System it is that force which acting on one gramme for one second produces a velocity of one centimetre per second; this unit is known as the dyne.
System is the weight of a cubic centimetre of water at this temperature.
One cubic centimetre of soil taken within a foot or so from the surface contains from II to 2 millions of bacteria of many different kinds, as well as large numbers of fungi.
The total magnetic induction or flux corresponds to the current of electricity (practically measured in amperes); the induction or flux density B to the density of the current (number of amperes to the square centimetre of section); the magnetic permeability to the specific electric conductivity; and the line integral of the magnetic force, sometimes called the magnetomotive force, to the electro-motive force in the circuit.
Where the induction is high the lines will be crowded together; where it is weak they will be widely separated, the number per square centimetre crossing a normal surface at any point being always equal to the numerical value of B.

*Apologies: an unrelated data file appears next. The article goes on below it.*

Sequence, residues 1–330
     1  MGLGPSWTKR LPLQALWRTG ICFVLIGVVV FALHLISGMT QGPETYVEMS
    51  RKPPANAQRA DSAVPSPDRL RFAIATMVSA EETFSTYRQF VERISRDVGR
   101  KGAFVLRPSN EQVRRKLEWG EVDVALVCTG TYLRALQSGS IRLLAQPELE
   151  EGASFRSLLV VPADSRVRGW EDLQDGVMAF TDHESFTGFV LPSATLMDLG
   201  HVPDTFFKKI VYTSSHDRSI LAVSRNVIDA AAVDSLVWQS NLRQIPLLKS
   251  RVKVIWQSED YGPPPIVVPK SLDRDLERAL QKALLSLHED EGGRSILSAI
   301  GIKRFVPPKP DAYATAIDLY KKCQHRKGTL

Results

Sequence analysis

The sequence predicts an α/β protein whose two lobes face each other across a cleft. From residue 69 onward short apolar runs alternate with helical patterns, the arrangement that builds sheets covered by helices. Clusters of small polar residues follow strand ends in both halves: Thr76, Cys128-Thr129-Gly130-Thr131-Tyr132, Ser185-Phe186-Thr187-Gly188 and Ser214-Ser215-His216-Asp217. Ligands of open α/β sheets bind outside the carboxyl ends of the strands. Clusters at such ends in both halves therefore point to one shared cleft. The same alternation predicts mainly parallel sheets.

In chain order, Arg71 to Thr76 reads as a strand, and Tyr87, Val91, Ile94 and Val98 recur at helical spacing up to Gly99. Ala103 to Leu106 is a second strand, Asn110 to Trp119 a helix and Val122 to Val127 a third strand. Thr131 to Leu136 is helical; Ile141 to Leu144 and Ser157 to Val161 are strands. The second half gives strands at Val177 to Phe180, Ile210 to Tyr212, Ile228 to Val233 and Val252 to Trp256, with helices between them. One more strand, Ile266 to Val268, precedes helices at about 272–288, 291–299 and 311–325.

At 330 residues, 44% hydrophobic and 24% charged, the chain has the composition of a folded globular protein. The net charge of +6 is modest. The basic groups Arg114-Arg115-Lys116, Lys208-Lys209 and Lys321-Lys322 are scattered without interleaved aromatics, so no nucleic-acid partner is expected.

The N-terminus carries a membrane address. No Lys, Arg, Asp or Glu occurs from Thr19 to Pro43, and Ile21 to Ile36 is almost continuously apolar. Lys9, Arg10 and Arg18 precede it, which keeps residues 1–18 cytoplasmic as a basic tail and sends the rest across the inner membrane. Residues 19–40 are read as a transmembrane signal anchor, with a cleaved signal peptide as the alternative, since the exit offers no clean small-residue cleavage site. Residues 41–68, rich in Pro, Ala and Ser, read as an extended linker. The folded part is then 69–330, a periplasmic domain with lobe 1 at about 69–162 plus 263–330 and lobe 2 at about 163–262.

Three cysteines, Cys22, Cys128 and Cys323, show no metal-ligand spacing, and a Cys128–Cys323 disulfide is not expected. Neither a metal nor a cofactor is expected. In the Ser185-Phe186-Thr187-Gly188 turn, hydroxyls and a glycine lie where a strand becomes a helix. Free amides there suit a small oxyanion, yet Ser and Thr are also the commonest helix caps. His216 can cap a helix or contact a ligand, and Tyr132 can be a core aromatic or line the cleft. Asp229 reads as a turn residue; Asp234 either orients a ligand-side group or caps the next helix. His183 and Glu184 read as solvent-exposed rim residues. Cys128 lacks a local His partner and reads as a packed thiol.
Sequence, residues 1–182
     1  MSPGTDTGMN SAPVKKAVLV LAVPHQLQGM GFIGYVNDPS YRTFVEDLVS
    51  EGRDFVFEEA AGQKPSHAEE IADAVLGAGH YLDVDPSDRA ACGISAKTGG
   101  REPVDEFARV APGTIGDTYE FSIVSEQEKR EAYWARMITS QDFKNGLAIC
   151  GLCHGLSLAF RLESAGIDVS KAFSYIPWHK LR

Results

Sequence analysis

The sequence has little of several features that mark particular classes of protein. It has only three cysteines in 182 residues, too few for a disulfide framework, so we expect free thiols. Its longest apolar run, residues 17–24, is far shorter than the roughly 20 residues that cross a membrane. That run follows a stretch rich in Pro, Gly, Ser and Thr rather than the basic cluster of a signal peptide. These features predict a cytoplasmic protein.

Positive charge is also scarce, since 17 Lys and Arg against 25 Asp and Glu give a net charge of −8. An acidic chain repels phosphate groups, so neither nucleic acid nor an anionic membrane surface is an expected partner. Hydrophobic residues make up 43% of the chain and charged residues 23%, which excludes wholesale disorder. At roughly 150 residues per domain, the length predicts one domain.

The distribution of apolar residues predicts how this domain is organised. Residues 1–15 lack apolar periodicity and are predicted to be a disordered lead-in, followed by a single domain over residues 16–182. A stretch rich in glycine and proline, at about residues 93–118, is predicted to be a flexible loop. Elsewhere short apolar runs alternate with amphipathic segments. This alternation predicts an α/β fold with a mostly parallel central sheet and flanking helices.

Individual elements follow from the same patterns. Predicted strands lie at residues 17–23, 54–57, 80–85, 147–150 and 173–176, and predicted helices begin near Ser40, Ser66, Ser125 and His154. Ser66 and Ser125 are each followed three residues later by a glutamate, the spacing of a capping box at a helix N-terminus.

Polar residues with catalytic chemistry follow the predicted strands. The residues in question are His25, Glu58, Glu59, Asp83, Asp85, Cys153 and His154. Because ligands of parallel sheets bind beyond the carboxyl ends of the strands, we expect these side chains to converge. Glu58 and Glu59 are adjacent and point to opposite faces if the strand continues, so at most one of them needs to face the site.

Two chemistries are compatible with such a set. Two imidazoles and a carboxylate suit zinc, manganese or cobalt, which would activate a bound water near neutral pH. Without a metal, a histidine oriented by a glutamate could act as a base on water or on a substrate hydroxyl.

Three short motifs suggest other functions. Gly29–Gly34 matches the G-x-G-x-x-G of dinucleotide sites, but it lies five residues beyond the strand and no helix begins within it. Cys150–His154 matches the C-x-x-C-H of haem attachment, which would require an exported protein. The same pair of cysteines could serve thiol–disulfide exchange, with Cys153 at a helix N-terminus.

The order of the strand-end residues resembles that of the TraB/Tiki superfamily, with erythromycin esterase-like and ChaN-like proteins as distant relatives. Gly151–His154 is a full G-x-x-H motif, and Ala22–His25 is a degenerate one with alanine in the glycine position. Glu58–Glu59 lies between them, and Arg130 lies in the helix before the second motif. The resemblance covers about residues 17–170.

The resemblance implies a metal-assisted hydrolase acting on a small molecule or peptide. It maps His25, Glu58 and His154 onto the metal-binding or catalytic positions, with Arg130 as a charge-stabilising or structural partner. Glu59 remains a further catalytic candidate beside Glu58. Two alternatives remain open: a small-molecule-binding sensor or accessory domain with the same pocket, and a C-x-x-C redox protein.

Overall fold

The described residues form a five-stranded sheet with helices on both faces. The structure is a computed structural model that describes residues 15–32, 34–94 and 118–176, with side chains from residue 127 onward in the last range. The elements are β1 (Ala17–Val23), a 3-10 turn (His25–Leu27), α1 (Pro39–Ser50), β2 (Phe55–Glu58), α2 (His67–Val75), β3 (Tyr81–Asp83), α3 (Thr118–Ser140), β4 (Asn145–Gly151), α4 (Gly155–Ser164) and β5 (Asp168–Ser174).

Hence if the induction per square centimetre at any point is denoted by B, then in empty space B is numerically equal to H; moreover in isotropic media both have the same direction, and for these reasons it is often said that in empty space (and practically in air and other nonmagnetic substances) B and H are identical.
The organ figured is one of the catkins (about a centimetre in length) which were borne laterally on the spike.
The gramme was intended to be equal to the weight of a cubic centimetre of pure water at a certain temperature, but the equality is only approximate.
The breadth of the Indian face is one centimetre more than that of the whites, and the half-breeds are nearer the Indian standard; this last is true also of colour in the skin, eyes and hair.
He has also found that this action is reversible, for when the area of the surface of contact of the acid and mercury is made to increase, an electric current passes from the mercury to the acid, the amount of electricity which passes while the surface increases by one square centimetre being sufficient to decompose.